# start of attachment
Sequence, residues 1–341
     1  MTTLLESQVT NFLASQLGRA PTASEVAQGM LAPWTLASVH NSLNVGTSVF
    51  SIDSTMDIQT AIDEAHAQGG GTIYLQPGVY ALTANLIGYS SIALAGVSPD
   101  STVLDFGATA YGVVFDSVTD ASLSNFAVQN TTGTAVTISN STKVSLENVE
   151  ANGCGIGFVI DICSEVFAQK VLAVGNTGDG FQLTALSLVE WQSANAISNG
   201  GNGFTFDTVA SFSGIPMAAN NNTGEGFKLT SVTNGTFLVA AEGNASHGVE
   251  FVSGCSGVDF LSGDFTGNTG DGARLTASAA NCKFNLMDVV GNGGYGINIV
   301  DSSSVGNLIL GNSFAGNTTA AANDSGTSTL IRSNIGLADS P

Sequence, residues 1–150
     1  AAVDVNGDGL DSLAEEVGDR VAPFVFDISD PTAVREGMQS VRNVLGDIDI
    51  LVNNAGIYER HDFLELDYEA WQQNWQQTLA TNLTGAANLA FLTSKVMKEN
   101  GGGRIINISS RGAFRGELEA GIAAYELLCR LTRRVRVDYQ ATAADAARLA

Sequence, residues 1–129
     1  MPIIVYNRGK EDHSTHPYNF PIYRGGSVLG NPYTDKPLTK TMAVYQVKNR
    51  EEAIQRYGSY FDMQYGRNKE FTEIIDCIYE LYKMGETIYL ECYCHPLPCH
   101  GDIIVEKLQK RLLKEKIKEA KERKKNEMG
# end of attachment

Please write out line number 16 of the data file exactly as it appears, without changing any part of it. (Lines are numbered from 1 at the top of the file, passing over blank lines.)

   101  GDIIVEKLQK RLLKEKIKEA KERKKNEMG